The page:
On the first day of the Mon State Hluttaw’s three-day 10th regular session, Nai Oo proposed the use of Mon language, along with Burmese language, on all signs or signboards of government buildings in Mon State, citing that the use of both languages will improve unity between ethnic nationalities.
“The Union government has allowed this, [but] because the majority [of people] do not know this, they are afraid to include Mon languages on the signboards of schools and hospitals. The reason why they are afraid is because the township administration office has threatened not to [include] Mon language. That is why I brought up this question at the Hluttaw; to make it an official procedure,” said Nai Oo (aka. Nai Tala Chan).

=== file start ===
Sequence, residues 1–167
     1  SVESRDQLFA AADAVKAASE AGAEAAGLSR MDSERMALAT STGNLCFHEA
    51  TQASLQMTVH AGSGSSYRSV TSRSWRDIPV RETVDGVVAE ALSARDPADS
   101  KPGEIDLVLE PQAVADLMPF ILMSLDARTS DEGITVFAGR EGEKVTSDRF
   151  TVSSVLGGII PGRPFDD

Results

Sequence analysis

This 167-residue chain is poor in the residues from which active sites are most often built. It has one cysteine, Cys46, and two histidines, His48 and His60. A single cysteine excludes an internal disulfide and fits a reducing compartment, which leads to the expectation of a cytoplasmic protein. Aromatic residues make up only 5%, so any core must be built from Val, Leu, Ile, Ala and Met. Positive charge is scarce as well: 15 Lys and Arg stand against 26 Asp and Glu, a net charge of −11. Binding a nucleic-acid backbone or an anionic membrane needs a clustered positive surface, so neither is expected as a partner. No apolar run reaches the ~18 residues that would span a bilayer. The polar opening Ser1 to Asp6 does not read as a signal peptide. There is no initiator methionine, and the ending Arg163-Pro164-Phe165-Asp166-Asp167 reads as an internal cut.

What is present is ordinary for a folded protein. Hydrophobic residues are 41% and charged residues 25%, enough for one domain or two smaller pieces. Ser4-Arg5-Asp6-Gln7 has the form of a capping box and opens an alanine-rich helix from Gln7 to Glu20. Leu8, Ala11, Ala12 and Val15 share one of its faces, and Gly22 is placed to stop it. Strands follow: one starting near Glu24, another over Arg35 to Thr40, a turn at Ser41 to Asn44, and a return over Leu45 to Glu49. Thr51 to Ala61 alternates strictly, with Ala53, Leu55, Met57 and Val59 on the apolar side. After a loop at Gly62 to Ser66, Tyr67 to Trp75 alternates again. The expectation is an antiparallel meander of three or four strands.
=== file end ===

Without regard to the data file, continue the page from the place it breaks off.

Several other topics were submitted on the first day of the Mon Stat Hluttaw’s conference, including discussion surrounding written laws and the drafting of bills.
“Article 22 of the Constitution states that the Union [government] should help maintain ethnic languages and culture as much as it can, for ethnic unity. Some [people] want to write their own ethnic language alongside Burmese language in their region. In our area, because we wrote like that [in both languages], the township and general administrator did not allow this and caused some problems,” said Chaungzone Township State Hluttaw Representative Dr. Aung Naing Oo.
When locals urged that the name of the Thanbyuzayat Township General Administration Office, Bayin Naung Hall, be replaced with the name of a Mon king or hero, because the majority population is Mon, and it is Mon State, it was rejected, according to Nai Oo.
Mon State Hluttaw was founded after Burma’s 2010 general elections. The First Mon State Hluttaw’s 10th regular session was held over three days in the first week of December.